Bangalore's surveillance network to get new takers

Citys inquiry death monitoring system to be replicated across India


Designed with support from the World Health Organisation (WHO), the network picks up nearly 4500 deaths and 100,000 cases of hospitalisation in Bangalore due to injury, which includes both suicides and road traffic injury.

Even though the surveillance does not distinguish between road accidents with other injuries like suicides, poisoning and falls, WHO officials said that a significant chunk comes from road injury.  A majority of those killed and injured were in the younger age group of 16-45 years and mostly male. Pedestrians, two-wheeler riders and pillion riders and cyclists were involved in greater numbers in road accident cases.

On April 27-28, the WHO has convened a meeting in Delhi where people from other states and central ministries will not only deliberate on the Bangalore experience on injury prevention but also pick up a few more cities to replicate this model.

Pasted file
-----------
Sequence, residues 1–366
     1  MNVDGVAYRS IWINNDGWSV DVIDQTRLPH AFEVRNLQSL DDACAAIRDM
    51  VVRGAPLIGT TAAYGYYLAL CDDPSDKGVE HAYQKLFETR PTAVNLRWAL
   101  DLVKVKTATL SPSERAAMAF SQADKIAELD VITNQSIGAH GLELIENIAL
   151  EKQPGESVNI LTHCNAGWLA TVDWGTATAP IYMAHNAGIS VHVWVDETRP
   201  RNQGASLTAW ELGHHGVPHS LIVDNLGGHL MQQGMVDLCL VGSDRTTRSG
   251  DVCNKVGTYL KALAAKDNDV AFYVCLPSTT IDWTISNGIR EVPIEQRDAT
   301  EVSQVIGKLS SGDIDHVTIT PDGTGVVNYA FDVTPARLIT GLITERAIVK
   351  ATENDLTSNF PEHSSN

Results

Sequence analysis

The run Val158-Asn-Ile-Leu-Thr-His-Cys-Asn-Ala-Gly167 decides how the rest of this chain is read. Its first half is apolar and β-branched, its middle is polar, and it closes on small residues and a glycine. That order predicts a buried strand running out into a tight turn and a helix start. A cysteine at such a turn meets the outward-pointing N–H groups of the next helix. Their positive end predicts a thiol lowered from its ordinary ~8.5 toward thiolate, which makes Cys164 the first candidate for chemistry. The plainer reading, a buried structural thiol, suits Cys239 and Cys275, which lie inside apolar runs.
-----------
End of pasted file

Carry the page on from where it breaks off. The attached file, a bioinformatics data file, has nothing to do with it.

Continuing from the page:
“The strategy in Bangalore may not work for Delhi. For instance, Delhi has ample space for building for a cycling track whereas Bangalore roads hardly have any space. Strategies would be discussed to find out solution for individual cities,”  said J S Thakur, an official from WHO.

Effective intervention

Road accident being one of the major causes of death throughout the world, the WHO recommends implementing several highly cost-effective interventions, which would save hundreds of thousands of lives and hundreds of millions of dollar every year. Prevention of drunken driving, mandatory seat belts, child lock in cars and strict adherence to speed limit sharply reduce road accident deaths.

The Bangalore network is a pilot project for a wider WHO-supported global programme to reduce the death and disability through road traffic injury prevention projects in ten focus countries that include India and China. Thakur said information from the surveillance network was being supplied to police and municipal authorities for improving traffic management. The WHO in collaboration with Indian Council of Medical Research, National Institute of Mental Health and Neurosciences, BBMP, Bangalore Police, BMTC and many hospitals are taking going into the second phase of the research using the surveillance network as the base.

In the next step, research is being considered on trauma registries, risk factor studies and, crash and injury interventions that will lead to scientific programme on injury prevention and control.

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